Throughout the 2010s Verity diversified the scope of her live performances, performing solo shows of ever-evolving new material, often involving multimedia elements, most notably at Yoko Ono’s Meltdown Festival and in support of the band Savages and French singer Étienne Daho.[15][16][17] During this time, she was also playing saxophone in free improvisation groups, including with The London Improvisers Orchestra, with Maya Dunietz, and in groups including Steve Beresford and fellow Too Pure alumnus Matthew Simms (It Hugs Back, Wire).[18][19][20] It is with the latter that Susman started working during the pandemic on soundtracks to the Sonia Gonzalez-directed documentary Women Against The Bomb and the Kevin Hegge-directed documentary Tramps!.[21][22] Both documentaries premiered in March 2022 (the former being televised). Verity Susman and Matthew Simms have officialised their partnership as "Susman and Simms".[23] Susman, Simms and Kat Duma received a Canadian Screen Award nomination for Best Original Music in a Documentary at the 12th Canadian Screen Awards in 2024 for their work on Tramps!.[24]

As a guest musician-writer Verity has recorded piano and keyboards on songs by Taken By Trees and Étienne Daho, and saxophone on songs by Beatrice Dillon, Frànçois & the Atlas Mountains, Trash Kit, It Hugs Back and Bamboo.[25] She has performed live as a guest musician with The Raincoats, Deerhunter and The Hidden Cameras.[26][27]

Verity is currently[when?] putting the finishing touches to her debut album as a solo artist.


  1. ^ "Tim's Twitter Listening Parties".
  2. ^ Steve Albini (5 July 2007). "Ask a music scene micro celebrity". Two Plus Two Archives.
  3. ^ "Vera November, Red Dream – record release page". Discogs. November 2007.
  4. ^ Mark Hogan (16 January 2008). "Four Songs by Arthur Russell review". Pitchfork.
  5. ^ "Nicolás Jaar – The Essential Mix (BBC Edit) release page". Discogs. 19 May 2012.
  6. ^ "Vera November — Last Night Together (You're Coming Back Edit)". youtube.
  7. ^ Nick Argyriou (20 March 2012). "The Return of Electrelane". Broadsheet.
  8. ^ Louise Gray (14 November 2012). "Review: Cage Rattling, King's Place". The Arts Desk.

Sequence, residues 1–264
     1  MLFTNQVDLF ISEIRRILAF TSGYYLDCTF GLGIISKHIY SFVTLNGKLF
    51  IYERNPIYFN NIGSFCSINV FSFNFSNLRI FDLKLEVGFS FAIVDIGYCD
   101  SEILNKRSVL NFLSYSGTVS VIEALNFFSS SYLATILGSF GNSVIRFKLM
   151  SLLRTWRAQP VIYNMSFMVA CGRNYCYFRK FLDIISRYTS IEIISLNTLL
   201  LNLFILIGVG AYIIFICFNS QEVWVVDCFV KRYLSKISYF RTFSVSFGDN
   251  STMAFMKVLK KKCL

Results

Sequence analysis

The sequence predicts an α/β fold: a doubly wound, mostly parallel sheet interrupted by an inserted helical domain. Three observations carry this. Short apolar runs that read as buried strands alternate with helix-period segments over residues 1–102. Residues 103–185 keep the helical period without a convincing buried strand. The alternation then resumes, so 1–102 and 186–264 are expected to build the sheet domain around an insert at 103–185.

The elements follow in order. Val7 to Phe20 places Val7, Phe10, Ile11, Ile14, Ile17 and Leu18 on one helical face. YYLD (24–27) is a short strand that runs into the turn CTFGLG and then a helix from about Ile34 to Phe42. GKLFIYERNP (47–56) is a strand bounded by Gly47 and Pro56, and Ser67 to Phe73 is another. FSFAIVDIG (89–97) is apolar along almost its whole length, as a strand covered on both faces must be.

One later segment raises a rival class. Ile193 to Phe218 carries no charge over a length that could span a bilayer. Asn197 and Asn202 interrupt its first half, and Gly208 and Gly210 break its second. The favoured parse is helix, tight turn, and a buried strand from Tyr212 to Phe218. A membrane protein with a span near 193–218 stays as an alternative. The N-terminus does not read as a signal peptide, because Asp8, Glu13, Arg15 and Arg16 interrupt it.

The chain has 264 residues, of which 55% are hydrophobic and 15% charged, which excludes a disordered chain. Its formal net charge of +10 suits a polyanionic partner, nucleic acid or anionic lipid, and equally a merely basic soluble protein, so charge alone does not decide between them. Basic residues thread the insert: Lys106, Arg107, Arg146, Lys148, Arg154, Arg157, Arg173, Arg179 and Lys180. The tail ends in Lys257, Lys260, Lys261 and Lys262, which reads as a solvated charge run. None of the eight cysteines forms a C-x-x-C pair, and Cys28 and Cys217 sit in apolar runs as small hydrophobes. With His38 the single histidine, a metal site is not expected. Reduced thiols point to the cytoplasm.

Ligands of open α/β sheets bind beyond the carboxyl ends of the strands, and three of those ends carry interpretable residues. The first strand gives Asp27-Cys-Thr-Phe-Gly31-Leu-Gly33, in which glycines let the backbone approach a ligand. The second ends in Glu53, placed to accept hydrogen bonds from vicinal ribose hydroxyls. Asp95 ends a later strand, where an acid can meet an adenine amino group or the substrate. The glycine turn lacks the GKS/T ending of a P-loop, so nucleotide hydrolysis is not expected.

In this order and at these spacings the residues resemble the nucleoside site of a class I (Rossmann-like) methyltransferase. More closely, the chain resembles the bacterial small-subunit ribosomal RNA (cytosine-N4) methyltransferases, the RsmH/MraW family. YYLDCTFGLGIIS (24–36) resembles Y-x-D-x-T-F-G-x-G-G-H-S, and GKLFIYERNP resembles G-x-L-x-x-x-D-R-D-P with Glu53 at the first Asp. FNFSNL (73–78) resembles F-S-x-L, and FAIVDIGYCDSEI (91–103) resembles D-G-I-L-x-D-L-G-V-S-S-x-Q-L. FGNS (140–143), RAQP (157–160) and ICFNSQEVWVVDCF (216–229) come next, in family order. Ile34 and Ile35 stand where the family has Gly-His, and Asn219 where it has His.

9. ^ "Filmhouse Projects". Filmhouse Cinema.
  10. ^ "CINE CONCERT DU FILM HAXÄN PAR VERIY SUSMAN". Les Femmes s'en Mêlent.
  11. ^ Francesca Marotto (13 May 2017). "Review: Project O Voodoo – Questioning Predominant Ideologies". The Wonderful World of Dance.
  12. ^ "Suzanne English Press Kit" (PDF). Unifrance.
  13. ^ Laura Snapes (10 January 2013). "Reviewed: Verity Susman, To Make You Afraid". Pitchfork.
  14. ^ "To Valerie Solanas and Marilyn Monroe in Recognition of their Desperation". Pauline Boudry/Renate Lorenz.
  15. ^ April Welsh (27 June 2013). "Theory Into Practice: Yoko Ono's Meltdown Festival Reviewed". The Quietus.
  16. ^ Jeremy Leclerc (23 February 2013). "Savages, Verity Susman, Paris, Nouveau Casino". Sound of Violence.
  17. ^ "Etienne au Festival Days Off". Dahofficial. 1 July 2013.
  18. ^ "List of musicians who have performed with The London Improvisers Orchestra". London Improvisers Orchestra.
  19. ^ "Maya Dunietz + Christoph Heemann + Verity Susman + Mines". Time Out. 11 October 2012.
  20. ^ "Verity Susman, Steve Beresford + Matthew Simms @ Cafe OTO". Youtube. 29 March 2015.
  21. ^ "Women Against the Bomb". Andana Films.
  22. ^ "Tramps! (BFI Flare review)". Loud and Clear Reviews. 26 March 2022.
  23. ^ "Susman and Simms".
  24. ^ "BlackBerry Leads CSA Nominations". Northern Stars, March 6, 2024.
  25. ^ "Verity Susman, Instruments and Performances". Discogs.
  26. ^ Sean Kitching (1 July 2013). "A Farewell To Camber In The Spring: Deerhunter's ATP". The Quietus.
  27. ^ "The Hidden Cameras @ Bush Hall". Vanity Project. 29 January 2014.

External links[edit]